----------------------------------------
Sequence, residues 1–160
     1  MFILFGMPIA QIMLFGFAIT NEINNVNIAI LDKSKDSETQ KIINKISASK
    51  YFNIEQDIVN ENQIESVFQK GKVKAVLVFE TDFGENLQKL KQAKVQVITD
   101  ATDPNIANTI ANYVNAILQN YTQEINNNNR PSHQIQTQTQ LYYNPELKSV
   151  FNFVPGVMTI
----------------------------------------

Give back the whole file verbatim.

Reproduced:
Sequence, residues 1–160
     1  MFILFGMPIA QIMLFGFAIT NEINNVNIAI LDKSKDSETQ KIINKISASK
    51  YFNIEQDIVN ENQIESVFQK GKVKAVLVFE TDFGENLQKL KQAKVQVITD
   101  ATDPNIANTI ANYVNAILQN YTQEINNNNR PSHQIQTQTQ LYYNPELKSV
   151  FNFVPGVMTI